When you have parrots, the word “patience” is always on the tip of your tongue. Their odd and unpredictable behaviors would send you straight to the madhouse without patience. Those moments of seasonal insanity would certainly push you over the edge without patience. On certain days, even normal events like the sun-up and sundown calls might not be endurable without patience. Patience has its place.
The definition of patience is this: The capacity to accept or tolerate delay, trouble, or suffering without getting angry or upset. It is a saintly quality. Over the recent years, however, I have traded in my use of the word patience for a common phrase: NEVER GIVE UP.
We get a lot of people that contact us when they hit a wall with their bird. For instance, someone trying to convert their bird to a better diet might say: “I have been feeding him his veggies every day for a month and he hasn’t touched them.” One patented reply to that comment would be: “Be patient. Once he realizes how good they taste, he will come around.”
Another person might complain that their bird is stubbornly refusing to play with their toys. A common response might be: “Be patient. Once he realizes what they are for, he will come around.”
This is not untrue, exactly. These things can take time. But we are human and we need to see a light at the end of the tunnel – some small sign of improvement to encourage US to continue trying. Sometimes it just isn’t there.
This is when things start to fall apart. People start feeling desperate – sometimes they are angry because the recommended course of action isn’t working. They reach out once more to the avian community only to hear: “Be patient – he will come around”.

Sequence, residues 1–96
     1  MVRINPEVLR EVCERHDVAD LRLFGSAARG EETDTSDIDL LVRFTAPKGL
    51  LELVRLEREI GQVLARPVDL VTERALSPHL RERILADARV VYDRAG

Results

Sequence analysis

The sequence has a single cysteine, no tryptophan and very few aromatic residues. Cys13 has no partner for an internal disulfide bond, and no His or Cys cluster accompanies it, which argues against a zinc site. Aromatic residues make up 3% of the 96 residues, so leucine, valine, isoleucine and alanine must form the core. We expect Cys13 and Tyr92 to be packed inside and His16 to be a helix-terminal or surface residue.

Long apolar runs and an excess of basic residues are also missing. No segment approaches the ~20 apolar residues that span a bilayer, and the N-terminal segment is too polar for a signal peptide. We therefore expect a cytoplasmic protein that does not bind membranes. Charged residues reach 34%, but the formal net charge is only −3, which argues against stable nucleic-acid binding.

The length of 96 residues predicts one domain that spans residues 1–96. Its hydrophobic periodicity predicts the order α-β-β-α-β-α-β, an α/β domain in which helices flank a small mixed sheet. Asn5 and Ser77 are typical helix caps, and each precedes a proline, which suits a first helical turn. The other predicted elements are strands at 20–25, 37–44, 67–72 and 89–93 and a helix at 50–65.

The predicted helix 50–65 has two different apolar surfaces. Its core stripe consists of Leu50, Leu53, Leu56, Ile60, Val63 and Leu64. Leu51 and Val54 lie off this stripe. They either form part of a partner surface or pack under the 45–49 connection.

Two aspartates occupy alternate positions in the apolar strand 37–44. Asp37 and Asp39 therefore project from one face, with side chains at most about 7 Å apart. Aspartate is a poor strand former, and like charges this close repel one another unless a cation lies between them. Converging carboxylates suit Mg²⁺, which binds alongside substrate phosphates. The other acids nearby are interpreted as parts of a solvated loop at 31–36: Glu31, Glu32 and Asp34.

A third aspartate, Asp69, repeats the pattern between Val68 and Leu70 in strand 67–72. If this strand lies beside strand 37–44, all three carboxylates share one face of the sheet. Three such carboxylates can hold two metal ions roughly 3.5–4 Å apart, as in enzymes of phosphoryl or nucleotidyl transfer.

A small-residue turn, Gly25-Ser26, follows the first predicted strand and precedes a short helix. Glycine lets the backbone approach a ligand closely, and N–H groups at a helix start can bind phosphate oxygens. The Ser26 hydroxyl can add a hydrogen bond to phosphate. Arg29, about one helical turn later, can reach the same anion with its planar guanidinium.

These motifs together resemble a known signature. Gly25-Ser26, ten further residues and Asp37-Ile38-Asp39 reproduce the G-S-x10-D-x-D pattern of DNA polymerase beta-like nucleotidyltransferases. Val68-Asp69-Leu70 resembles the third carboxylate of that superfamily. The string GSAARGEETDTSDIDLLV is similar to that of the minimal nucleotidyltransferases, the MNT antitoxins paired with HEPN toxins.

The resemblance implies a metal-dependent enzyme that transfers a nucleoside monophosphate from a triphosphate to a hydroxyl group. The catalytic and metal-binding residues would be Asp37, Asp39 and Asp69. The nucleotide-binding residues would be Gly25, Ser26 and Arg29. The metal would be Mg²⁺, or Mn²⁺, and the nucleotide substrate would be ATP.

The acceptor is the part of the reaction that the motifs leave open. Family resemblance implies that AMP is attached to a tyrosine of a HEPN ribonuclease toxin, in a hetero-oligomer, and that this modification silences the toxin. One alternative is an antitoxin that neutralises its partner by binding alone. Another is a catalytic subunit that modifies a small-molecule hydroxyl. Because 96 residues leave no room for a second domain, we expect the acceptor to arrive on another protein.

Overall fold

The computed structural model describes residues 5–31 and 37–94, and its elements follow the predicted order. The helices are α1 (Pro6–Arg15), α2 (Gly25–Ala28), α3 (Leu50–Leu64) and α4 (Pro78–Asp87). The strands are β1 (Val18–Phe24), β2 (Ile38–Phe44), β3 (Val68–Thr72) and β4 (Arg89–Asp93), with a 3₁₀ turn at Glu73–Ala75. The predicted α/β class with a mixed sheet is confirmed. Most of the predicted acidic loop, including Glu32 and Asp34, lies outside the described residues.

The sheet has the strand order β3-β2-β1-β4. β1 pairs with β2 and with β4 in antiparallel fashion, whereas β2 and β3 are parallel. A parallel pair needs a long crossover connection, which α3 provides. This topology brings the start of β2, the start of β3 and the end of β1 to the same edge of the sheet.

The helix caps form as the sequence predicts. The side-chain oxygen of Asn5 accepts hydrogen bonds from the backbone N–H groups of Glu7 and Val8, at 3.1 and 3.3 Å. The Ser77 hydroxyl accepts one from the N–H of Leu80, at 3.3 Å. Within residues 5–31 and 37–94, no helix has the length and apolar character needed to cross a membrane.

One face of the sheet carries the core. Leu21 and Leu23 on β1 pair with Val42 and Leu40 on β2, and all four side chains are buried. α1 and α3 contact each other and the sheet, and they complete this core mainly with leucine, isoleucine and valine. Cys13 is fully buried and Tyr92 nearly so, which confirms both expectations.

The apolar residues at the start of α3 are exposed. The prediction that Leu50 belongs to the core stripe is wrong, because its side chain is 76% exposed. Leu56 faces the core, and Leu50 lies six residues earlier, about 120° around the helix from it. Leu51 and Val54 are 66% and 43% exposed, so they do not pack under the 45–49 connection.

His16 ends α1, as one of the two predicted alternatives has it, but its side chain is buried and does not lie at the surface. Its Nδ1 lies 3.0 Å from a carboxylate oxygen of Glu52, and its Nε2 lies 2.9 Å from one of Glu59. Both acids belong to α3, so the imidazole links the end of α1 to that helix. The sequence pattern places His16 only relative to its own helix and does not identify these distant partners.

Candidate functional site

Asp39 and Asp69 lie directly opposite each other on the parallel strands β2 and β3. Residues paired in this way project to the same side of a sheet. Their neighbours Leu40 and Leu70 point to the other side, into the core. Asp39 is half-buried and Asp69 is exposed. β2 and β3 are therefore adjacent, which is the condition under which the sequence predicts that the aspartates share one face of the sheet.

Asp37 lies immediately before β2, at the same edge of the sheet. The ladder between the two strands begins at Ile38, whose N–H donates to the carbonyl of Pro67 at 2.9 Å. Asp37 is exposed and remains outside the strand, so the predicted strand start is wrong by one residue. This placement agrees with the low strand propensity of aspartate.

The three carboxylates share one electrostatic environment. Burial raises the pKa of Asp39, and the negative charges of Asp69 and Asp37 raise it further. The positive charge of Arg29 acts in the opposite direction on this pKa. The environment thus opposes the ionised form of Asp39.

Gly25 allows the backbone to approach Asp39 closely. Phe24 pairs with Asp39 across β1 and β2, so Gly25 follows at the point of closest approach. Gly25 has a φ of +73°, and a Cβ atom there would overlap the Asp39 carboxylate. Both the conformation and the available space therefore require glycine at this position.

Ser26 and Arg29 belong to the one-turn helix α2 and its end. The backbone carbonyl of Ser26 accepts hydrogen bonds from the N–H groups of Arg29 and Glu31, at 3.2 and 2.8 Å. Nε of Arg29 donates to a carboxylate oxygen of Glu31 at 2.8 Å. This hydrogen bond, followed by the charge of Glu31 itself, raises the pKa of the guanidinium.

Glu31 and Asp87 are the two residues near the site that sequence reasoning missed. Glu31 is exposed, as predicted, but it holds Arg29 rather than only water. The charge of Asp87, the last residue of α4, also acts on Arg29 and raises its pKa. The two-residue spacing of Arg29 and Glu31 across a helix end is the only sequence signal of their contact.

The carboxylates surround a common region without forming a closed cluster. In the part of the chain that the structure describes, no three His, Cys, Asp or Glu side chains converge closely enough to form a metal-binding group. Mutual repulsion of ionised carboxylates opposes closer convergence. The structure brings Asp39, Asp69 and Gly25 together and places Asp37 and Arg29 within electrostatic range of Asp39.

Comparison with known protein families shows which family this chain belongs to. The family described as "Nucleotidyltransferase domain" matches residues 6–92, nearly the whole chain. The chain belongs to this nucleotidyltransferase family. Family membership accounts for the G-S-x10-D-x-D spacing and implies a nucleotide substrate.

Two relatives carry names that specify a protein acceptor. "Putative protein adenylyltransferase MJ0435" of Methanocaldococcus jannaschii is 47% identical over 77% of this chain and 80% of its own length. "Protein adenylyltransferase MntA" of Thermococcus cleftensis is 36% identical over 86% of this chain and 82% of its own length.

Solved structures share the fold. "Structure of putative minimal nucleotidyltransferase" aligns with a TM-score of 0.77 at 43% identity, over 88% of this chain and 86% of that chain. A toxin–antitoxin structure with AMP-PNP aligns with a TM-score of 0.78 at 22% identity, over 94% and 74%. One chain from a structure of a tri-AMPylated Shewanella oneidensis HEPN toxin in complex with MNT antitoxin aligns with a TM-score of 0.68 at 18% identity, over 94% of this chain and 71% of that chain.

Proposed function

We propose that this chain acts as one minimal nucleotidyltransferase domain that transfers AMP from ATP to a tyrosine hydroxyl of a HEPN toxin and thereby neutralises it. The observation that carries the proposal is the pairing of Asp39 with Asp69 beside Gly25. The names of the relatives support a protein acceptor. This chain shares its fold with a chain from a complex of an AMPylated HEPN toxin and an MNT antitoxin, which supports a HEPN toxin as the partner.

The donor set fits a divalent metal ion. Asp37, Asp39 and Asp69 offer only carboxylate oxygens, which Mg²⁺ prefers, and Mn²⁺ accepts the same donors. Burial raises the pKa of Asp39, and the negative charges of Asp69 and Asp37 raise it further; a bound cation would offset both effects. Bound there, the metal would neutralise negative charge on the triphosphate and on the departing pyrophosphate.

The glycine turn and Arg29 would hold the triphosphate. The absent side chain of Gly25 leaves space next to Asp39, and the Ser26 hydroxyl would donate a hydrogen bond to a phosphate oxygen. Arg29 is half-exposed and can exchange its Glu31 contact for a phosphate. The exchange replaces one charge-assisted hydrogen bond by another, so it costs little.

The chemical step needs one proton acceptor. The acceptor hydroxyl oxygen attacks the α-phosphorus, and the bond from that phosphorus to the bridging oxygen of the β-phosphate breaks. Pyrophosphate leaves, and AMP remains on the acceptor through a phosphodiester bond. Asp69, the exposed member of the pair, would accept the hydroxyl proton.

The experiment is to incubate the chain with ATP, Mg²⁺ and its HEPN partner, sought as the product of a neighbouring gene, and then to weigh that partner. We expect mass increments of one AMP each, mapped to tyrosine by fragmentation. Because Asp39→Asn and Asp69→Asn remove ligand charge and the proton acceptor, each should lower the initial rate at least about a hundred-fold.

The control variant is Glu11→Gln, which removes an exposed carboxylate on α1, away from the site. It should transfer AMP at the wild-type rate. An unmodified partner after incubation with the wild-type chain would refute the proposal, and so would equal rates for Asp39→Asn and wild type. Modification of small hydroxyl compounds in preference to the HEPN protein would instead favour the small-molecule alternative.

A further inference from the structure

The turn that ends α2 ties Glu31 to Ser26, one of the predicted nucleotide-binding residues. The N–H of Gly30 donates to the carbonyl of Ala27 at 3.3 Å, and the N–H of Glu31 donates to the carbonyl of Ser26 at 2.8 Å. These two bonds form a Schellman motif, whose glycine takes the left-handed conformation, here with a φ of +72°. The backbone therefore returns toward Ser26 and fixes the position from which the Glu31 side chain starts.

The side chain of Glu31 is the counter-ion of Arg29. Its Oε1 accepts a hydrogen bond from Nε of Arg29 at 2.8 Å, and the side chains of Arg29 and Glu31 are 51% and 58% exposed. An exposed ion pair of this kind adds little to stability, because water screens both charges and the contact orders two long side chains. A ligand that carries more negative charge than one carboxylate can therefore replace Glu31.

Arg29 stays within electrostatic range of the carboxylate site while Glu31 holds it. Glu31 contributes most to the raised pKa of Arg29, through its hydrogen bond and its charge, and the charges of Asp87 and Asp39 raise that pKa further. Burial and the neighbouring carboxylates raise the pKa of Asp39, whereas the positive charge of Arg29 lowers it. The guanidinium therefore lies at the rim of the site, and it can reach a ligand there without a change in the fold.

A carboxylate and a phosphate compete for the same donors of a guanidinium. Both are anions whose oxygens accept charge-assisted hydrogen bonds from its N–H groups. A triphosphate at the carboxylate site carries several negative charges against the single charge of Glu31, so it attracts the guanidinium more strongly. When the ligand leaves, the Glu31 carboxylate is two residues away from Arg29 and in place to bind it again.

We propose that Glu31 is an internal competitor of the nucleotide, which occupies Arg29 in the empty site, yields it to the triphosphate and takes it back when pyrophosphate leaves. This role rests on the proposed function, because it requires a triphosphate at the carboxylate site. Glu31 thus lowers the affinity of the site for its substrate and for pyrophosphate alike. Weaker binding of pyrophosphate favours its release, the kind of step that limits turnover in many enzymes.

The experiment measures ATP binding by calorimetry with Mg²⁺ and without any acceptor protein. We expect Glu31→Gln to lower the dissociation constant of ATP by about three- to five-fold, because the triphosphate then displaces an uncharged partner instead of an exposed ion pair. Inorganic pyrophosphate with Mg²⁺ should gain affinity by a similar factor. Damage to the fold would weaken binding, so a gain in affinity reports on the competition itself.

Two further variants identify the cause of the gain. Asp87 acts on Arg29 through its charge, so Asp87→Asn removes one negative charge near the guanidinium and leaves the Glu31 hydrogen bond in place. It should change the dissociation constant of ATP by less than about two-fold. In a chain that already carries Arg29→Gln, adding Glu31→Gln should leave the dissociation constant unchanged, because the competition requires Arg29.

These words, while true in a sense, are not helpful (and I say this knowing I have used them many times.)
When you are working with your bird, in ANY area, and you do not see progress, you have to consider that it is not the bird’s failing. If your bird is unresponsive to your efforts, you need to rethink the methods you are using. You are the director. Your bird follows your lead.
Recommending patience at this point might be counter-productive. It doesn’t make sense to continue doing something that has over and over again proven to be fruitless. When you are seeing no positive results from your work with your bird, it doesn’t make any sense to continue on that path.
Stop, rethink your plan and move forward in another direction.
While patience might be necessary while you accomplish your goals with your bird, it isn’t the quality that will get the job done. Perseverance (forward momentum) and ingenuity (clever problem solution) are the major players while patience plays a support role.
Patty Jourgensen specializes in avian health, behavior and nutrition and has been working with and caring for rescue birds since 1987.
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